So the fraud guy from alleged Microsoft Support (which is a scam and has nothing to do with Microsoft), called again tonight. I advised him to take a stool softener. You can probably figure out why I said that. I also told him not to call again, and didn’t say please, but I still think he will.

I know this isn’t going to stop the calls, but just to be clear, I don’t buy anything from telemarketers. Doing so would only encourage a practice that needs no encouragement. I also don’t donate to any telemarketers who call alleging that they represent charities. First, like the sales calls, it only encourages a practice that needs no encouragement, but there are other reasons too. If you call me out of the blue, I have no idea if you are who you say you are and I usually have no background on the charity. I’m not that responsive to political telemarketers or people I’m already doing business with who try to sell me more stuff over the phone. I have no trouble saying no. I just took the trouble to get on the federal no-call list because I find all these calls annoying. is a little nuts in the way it markets its service. I just received an email from them asking me about a guy who started in my high school after I graduated. Don’t know and don’t care. I suspect most guys don’t know or care about guys who weren’t even in school with them. If I were running their marketing campaign, I’d ask girls about guys who graduated up to two or even three years before they did and I’d ask guys about women who graduated up to two or three years after them. If I weren’t happily married, I might be very interested in some women who graduated from high school a year or two after I did.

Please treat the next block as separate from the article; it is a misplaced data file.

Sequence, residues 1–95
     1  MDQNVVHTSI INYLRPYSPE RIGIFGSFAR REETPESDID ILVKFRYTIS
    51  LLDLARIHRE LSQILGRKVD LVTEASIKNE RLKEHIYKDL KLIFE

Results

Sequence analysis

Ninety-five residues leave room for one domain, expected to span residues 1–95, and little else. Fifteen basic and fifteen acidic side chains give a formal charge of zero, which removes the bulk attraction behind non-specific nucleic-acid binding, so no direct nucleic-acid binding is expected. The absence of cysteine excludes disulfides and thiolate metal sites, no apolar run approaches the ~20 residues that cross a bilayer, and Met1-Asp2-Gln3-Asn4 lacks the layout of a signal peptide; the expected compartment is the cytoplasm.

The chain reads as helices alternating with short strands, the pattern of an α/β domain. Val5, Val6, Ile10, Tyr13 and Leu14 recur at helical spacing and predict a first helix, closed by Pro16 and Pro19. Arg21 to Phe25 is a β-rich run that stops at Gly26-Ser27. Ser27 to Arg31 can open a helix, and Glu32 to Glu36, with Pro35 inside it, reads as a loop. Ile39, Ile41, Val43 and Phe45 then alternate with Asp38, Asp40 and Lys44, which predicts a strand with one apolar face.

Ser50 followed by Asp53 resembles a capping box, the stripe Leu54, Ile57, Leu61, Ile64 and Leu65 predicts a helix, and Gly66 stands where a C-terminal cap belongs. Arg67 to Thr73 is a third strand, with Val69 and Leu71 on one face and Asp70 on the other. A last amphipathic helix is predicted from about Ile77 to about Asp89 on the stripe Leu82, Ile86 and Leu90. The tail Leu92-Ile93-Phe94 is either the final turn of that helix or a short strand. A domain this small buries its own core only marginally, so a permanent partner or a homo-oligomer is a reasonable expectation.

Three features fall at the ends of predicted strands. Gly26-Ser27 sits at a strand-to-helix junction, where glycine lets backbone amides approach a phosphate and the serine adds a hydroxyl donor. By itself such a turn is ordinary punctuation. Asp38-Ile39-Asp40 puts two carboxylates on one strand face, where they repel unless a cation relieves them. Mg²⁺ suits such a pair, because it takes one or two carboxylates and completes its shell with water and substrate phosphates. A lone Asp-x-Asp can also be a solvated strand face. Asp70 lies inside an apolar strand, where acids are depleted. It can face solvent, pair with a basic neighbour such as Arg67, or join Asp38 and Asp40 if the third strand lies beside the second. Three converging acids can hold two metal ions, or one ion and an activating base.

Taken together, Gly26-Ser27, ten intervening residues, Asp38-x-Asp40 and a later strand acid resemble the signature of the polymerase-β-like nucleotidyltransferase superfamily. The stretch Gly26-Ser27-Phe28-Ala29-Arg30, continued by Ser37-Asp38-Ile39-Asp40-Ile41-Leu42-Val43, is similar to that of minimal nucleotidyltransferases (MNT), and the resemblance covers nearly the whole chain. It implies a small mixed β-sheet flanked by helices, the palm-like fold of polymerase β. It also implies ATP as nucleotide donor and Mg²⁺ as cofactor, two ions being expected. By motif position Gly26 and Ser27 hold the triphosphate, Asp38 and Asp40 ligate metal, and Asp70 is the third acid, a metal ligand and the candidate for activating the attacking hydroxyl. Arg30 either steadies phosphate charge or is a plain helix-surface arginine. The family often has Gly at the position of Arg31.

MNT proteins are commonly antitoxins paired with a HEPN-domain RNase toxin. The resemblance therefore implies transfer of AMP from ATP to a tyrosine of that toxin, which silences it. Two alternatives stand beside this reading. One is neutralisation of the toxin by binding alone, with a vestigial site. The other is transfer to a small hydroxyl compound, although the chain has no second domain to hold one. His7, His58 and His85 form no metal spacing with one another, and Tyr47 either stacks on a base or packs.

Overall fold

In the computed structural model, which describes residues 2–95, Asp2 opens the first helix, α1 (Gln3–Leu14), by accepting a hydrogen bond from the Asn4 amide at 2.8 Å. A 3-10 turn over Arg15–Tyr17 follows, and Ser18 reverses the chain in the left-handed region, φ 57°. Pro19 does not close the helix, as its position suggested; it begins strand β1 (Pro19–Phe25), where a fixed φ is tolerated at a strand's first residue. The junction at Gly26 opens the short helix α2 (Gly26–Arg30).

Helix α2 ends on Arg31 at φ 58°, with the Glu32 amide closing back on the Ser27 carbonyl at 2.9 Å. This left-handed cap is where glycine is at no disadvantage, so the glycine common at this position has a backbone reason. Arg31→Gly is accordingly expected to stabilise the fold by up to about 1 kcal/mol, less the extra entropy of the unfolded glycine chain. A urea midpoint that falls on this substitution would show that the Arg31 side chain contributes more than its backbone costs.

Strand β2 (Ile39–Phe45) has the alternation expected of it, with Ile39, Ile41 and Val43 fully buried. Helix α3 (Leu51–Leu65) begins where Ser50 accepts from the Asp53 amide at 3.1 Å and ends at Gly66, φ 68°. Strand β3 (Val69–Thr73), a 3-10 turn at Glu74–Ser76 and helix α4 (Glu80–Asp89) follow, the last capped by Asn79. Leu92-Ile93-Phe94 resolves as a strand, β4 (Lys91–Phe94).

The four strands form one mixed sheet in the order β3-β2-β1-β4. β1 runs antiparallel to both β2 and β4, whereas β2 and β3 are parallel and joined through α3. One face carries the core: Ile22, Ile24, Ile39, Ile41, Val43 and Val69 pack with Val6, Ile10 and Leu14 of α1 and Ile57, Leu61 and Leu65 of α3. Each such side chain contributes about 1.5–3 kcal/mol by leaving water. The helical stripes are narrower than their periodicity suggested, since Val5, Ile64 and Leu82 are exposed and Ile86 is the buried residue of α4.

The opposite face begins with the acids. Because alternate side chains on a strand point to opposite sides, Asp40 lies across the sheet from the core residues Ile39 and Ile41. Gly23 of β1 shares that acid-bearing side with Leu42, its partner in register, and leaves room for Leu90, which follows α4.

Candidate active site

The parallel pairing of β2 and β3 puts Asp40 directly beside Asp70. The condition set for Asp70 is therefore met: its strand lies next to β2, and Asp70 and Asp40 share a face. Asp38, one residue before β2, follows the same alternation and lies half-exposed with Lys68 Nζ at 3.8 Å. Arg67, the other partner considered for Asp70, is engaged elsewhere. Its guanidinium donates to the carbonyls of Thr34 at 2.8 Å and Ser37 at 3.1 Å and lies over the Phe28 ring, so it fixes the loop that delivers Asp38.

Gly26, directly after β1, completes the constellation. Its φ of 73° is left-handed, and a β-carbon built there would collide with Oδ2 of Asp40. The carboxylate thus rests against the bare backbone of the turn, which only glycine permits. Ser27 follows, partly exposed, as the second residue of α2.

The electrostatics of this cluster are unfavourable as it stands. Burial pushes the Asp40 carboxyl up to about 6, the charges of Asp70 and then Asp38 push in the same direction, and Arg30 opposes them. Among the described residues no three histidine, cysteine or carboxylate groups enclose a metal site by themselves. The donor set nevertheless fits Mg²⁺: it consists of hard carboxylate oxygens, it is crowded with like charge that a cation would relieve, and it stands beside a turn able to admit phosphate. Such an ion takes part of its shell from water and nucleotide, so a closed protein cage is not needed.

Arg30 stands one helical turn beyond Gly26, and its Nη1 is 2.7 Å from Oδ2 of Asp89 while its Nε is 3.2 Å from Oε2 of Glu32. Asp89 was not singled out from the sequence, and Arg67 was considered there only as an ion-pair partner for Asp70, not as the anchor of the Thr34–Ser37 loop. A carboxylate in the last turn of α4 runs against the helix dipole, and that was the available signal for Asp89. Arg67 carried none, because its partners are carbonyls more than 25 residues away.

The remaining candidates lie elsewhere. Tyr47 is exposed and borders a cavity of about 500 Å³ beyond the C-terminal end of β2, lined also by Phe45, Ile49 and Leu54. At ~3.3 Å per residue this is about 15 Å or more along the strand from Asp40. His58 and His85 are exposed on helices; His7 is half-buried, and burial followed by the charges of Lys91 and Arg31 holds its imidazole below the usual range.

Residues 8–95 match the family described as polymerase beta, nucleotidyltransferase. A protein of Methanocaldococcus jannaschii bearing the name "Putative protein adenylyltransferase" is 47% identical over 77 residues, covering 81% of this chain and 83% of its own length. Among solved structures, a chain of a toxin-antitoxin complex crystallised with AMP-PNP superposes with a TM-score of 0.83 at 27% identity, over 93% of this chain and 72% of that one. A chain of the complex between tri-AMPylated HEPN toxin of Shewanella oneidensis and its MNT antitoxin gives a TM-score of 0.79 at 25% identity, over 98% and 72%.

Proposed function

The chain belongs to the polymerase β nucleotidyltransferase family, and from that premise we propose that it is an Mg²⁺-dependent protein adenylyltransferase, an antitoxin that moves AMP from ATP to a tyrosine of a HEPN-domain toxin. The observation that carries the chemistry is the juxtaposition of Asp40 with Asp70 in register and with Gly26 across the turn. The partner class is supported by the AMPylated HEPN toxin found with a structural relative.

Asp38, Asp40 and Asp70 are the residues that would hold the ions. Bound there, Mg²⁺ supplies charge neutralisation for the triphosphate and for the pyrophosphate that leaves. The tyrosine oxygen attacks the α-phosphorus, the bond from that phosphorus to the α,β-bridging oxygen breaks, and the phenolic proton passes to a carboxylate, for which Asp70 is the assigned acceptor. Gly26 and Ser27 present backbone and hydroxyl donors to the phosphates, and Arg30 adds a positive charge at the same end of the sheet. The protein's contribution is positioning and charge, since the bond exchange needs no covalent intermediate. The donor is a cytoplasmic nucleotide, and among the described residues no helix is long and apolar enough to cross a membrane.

According to several stories I read on the Internet (so it must be true) Jell-O sales fell by 19 percent between 2009 and 2013. I bet people don’t buy a lot of Junket anymore either. In fact, I was surprised to learn they still make that.

Ray Dean, recently retired police chief in the small Long Island village of Westhampton Beach received a retirement bonus of something like $400,000. It was for accumulated, unused vacation and sick time over his 15 years in the job. He’s been criticized for that and I don’t know why. The Village mayor and trustees who entered into the contract that required these payments deserve the criticism. If someone wanted to give me an overly-generous employment contract, I’d accept it, wouldn’t you. Current mayor, Maria Moore, to her credit, says the she and the present board of trustees will make sure the next chief’s contract isn’t anywhere near as generous.

By the way, did you know that according to New York State law, if a municipality gives its police a raise, it must also raise the salary of its police chief by at least as much as the dollar amount of the highest raise given to any of the policemen? According to one interpretation of that law, you can’t pay a new police chief less than you paid his or her predecessor either. That, to use the applicable technical term, is nuts.

Attention Geico Gecko: Bullwinkle’s last name isn’t “Winkle.” It’s “Moose.” Full name, Bullwinkle J. Moose. If I ever knew what the J stands for, I’ve long-since forgotten.